A graduate of the UCLA International Medicine Graduate Program, Dr. Jose Javier Hernandez examines a patient at Adventist Health in Hanford.
California’s rural Kings County has far fewer doctors than the patient-to-doctor ratio that defines a federal “shortage” – 3,500-to-one. It also has a high percentage of immigrant farmworkers, many with customs and perceptions of health that most U.S.-born doctors wouldn’t understand.
Both of these factors make Dr. Jose Javier Hernandez an important part of the solution to some of the area’s health care disparities – just as UCLA Health and the David Geffen School of Medicine at UCLA intended.
A first-year resident in the family medicine residency program at Adventist Health in Hanford, Hernandez is a graduate of the UCLA International Medical Graduate Program, the only program in the U.S. sponsored by an academic medical center that benefits both immigrant physicians and the underserved community.
Specifically, the program helps legal immigrants who have already graduated from a medical school outside of the United States, Puerto Rico or Canada to pass their U.S. licensing exams and obtain U.S. residency training in family medicine. In return, the participants — once they’ve become residency-trained and licensed — provide care in underserved communities for two to three years after completing their family medicine residency.
A unique program that fills a need
“What’s so unique about our program is that it often means immigrant patients, who are typically underserved in medicine, are cared for by doctors who are new immigrants themselves,” says Dr. Michelle Bholat, executive director and co-founder of the International Medical Graduate Program.
Hernandez originally attended medical school at the Universidad Autonoma Benito Juarez de Oaxaca. When he immigrated to the U.S., he could no longer practice medicine due to the country’s licensing requirements, so he worked with an interdisciplinary rehabilitation program for injured workers with chronic pain. Later, he worked at a children’s hospital, assisting asthmatic children from immigrant families to achieve better control of their symptoms.
But Hernandez was trained to be a physician. That’s what he was called to do.
So in 2015, Hernandez applied and was accepted to the UCLA International Medical Graduate Program. The program made all the difference, not only for Hernandez, but for the patients he now treats.
“Many times, when these patients come to see me, they’ve already tried many things, such as imported traditional medications from Mexico, and they’ve already self-prescribed to themselves,” Hernandez says, adding:
“Many times they don’t disclose that to American doctors. When I come into the room, they say, ‘I’ve never told anybody this — but this is what I’ve tried.’”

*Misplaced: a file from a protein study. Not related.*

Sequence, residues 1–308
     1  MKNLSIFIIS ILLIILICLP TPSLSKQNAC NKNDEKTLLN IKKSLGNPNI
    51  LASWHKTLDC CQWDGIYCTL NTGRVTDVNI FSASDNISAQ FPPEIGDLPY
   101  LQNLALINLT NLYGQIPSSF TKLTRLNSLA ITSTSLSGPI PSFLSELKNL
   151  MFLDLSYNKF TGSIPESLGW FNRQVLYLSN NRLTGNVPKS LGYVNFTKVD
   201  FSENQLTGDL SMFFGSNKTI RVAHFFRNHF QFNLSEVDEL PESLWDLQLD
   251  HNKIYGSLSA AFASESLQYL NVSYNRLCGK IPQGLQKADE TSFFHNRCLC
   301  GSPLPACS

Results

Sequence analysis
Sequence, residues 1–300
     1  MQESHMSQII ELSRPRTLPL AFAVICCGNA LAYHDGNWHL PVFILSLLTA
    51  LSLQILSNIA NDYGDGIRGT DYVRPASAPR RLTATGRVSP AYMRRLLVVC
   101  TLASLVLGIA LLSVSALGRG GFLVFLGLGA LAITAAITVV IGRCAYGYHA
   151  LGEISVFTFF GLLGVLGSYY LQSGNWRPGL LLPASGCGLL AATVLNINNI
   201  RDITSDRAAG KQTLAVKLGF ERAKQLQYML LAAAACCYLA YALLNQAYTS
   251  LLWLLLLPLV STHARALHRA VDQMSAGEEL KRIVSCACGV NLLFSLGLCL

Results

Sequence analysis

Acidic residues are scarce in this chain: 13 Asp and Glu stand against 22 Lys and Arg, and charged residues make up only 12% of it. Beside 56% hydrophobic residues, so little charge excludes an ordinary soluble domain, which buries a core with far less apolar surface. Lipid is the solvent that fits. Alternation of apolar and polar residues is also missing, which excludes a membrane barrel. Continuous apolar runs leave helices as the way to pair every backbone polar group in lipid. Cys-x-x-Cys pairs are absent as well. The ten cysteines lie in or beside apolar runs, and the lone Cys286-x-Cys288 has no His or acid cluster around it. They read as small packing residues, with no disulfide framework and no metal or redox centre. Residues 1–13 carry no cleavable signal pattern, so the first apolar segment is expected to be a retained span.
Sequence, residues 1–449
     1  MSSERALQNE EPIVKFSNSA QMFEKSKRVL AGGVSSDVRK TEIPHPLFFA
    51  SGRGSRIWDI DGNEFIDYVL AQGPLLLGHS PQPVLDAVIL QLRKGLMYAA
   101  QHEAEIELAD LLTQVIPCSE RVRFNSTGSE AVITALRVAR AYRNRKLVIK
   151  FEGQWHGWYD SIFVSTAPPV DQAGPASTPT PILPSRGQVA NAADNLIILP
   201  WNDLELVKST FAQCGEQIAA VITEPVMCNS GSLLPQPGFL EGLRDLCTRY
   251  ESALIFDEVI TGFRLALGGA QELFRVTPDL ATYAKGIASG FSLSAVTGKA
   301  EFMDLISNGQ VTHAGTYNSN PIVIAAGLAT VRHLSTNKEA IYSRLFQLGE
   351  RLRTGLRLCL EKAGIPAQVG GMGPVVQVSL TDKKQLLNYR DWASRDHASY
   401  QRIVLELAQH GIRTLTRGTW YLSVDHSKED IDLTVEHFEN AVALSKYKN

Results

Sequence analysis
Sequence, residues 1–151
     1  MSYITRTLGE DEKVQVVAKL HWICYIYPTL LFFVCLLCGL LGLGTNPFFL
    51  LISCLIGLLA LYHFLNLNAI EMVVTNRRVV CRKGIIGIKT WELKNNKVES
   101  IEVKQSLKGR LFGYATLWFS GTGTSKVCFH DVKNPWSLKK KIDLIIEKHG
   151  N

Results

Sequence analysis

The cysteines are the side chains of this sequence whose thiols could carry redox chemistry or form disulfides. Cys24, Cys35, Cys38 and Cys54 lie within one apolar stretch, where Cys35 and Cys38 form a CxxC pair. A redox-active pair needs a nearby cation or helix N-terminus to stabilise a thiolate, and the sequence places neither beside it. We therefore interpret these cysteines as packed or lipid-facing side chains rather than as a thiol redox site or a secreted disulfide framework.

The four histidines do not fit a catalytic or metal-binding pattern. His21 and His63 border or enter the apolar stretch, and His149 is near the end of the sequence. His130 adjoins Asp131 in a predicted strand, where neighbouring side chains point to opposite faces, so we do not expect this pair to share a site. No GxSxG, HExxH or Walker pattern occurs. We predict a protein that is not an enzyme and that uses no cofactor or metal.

His patients listen to Hernandez because he understands more than their language. He understands their customs and culture.
“My dad was a seasonal farmworker for 18 years in California,” Hernandez says. “I feel really attached here, seeing people on a daily basis. I see Spanish-speaking farmworkers, not just in the Central Valley but also along the Central Coast, with very specific healthcare needs.”
A connection based on understanding
His background helps him connect. He understands that many recent immigrants have culturally based views of diagnosis and treatment.
“They have a huge attachment to traditional medicine, meaning people would rather go with natural healers or their neighbors to ask what they can do about various conditions, than to a doctor,” Hernandez says. “There are strong beliefs about someone becoming dependent or addicted to a medication within the Hispanic community; therefore, people would rather try home remedies or herbal medicine first before seeing a doctor. This can be an advantage when dealing with opioid prescriptions; however, it becomes an issue when it comes to medication compliance for chronic medical conditions such as asthma, diabetes or hypertension.”
Knowing their culture helps him form a bond, one that leads to a necessary component of any doctor-patient relationship – trust.
“I connect much faster than U.S.-born doctors,” Hernandez says. “At every level — right now I’m doing OB — I find very specific beliefs, such as about what protects the baby, what protects the mom. Oaxaca is 60% indigenous, so people have their own traditions, their own medicines. They have their own way of seeing the world.” He added:
“Having that understanding helps in many situations.”
As an example, Hernandez cites the case of one patient with high cholesterol that was not well-controlled. The patient said he was eating a low-carbohydrate diet with few tortillas and little fruit. But, as it turns out, the man was using lard to fry all his foods. Hernandez helped him understand the connection.
That one interaction illustrates the symbiotic beauty of the International Medical Graduate program. It helps patients who desperately need it while directly addressing the issue of “brain waste,” that is, the underutilization of physicians who have immigrated here legally, but are unlicensed and working far below their education levels.
In short, the program gives committed doctors a chance to do what they do best – help others.
Learn more about the UCLA International Medical Graduate Program.